By: Patrick Phillips ~Staff Writer~
Wes Anderson has released yet another quirky and hilarious success with his most recent film “The Grand Budapest Hotel.” With an all-star cast of actors and an engaging story, “The Grand Budapest Hotel” is another in a long line of directorial successes for Anderson.
The film follows the story of M. Gustave, the illustrious owner of an elegant hotel, and his trusty lobby boy, Zero, as they escape the police after stealing a priceless Renaissance painting and being wrongfully accused of murder.
The most notable feature of “The Grand Budapest Hotel” is its witty script. Screenwriters Anderson, Stefan Zweig and Hugo Guinness artfully craft dialogue that not only offers laughs but also progresses the story forward. The role of Gustave was perfect for Ralph Fiennes’ suave nature. Perfectly balancing his high-brow comedy was newcomer Tony Revolori’s stoic, unmoving presentation of Zero.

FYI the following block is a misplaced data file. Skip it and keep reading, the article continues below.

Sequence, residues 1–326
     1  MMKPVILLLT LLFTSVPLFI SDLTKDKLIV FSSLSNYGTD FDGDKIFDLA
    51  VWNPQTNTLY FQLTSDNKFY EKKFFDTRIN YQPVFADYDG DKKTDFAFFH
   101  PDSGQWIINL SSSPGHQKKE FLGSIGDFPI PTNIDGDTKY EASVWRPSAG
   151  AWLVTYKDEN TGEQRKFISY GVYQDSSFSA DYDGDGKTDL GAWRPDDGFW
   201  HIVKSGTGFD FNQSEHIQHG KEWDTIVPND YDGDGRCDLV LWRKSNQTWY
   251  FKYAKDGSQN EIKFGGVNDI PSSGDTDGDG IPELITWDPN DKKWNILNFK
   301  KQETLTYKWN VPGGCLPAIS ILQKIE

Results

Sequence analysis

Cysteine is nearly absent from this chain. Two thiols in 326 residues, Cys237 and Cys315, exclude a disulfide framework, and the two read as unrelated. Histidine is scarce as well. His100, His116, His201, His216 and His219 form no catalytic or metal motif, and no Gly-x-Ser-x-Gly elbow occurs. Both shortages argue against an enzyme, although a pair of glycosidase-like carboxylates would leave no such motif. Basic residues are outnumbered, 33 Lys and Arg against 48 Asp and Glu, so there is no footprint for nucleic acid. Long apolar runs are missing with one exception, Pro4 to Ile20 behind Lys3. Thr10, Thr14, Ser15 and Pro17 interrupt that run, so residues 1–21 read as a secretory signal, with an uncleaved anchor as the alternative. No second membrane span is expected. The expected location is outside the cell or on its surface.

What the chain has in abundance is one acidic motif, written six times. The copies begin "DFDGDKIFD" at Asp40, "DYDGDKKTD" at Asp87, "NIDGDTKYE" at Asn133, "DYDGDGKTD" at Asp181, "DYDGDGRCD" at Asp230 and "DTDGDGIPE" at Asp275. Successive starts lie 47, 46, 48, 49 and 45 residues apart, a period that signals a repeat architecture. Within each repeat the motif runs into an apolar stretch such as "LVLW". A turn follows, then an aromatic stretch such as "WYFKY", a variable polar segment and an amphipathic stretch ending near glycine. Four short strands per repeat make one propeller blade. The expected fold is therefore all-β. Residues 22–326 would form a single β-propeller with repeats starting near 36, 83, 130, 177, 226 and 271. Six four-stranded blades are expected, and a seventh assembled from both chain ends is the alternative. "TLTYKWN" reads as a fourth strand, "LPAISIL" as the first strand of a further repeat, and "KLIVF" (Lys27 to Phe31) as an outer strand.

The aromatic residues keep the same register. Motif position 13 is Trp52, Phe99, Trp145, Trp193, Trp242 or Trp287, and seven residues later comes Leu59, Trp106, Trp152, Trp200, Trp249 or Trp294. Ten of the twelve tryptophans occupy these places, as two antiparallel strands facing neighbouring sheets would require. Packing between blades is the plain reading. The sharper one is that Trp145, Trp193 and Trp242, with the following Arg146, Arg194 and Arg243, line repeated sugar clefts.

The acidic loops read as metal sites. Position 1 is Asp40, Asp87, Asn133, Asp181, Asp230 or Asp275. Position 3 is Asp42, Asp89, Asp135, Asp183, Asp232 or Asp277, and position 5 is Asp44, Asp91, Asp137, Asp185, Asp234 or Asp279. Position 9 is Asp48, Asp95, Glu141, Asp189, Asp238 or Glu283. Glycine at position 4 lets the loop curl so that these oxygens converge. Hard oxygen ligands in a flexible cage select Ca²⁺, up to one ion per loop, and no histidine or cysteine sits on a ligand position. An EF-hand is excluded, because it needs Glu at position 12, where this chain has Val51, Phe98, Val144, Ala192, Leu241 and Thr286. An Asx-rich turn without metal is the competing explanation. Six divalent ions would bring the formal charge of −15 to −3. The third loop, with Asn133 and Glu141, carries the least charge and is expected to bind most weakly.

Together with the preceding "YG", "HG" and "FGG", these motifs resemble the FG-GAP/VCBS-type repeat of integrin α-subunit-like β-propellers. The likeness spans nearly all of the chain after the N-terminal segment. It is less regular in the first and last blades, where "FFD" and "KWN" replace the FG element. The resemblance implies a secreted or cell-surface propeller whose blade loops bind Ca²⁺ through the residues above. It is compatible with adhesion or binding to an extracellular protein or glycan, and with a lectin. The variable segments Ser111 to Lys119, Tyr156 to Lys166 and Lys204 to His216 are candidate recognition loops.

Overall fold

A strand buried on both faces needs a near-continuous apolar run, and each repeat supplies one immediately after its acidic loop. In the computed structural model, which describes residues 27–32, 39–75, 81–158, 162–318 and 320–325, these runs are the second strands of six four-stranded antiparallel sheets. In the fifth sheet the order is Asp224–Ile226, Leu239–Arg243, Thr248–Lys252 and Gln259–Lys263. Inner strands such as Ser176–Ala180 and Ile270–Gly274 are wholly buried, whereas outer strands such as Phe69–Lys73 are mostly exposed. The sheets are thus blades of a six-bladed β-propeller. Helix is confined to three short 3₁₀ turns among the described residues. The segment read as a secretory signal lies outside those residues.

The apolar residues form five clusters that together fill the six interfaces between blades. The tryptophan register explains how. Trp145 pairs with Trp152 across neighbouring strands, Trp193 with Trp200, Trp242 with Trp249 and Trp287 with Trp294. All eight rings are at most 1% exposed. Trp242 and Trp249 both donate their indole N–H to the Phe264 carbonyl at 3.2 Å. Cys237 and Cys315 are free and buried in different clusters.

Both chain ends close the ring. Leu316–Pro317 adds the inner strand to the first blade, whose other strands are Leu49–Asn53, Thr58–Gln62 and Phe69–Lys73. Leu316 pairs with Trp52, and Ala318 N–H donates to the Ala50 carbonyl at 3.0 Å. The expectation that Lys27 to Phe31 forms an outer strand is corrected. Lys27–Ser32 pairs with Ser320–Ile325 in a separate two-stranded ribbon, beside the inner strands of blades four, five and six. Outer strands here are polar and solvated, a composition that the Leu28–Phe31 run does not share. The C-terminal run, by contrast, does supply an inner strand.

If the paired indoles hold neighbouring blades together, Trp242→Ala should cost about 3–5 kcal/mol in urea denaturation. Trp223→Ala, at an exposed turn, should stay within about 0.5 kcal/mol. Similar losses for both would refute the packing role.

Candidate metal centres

While their individual performances were noteworthy, the familial relationship they cultivate throughout the film creates the heart of the movie.
The growing connection between Zero and Gustave gives the film a very touching sense of intimacy.
However, the abundance of quirky obstacles the two characters face distracts from this connection for the majority of the film, getting in the way of centralizing on their growing companionship.
On the technical side, Anderson continues to implement his stylistic cinematography. Scenes easily change as the camera is moved linearly, revealing a new set. The score of the film also set the time period and quirky mood of the film very effectively.
Overall, “The Grand Budapest Hotel” is an entertaining, visually unique film that is worth seeing. The film is currently being shown at select movie theaters.
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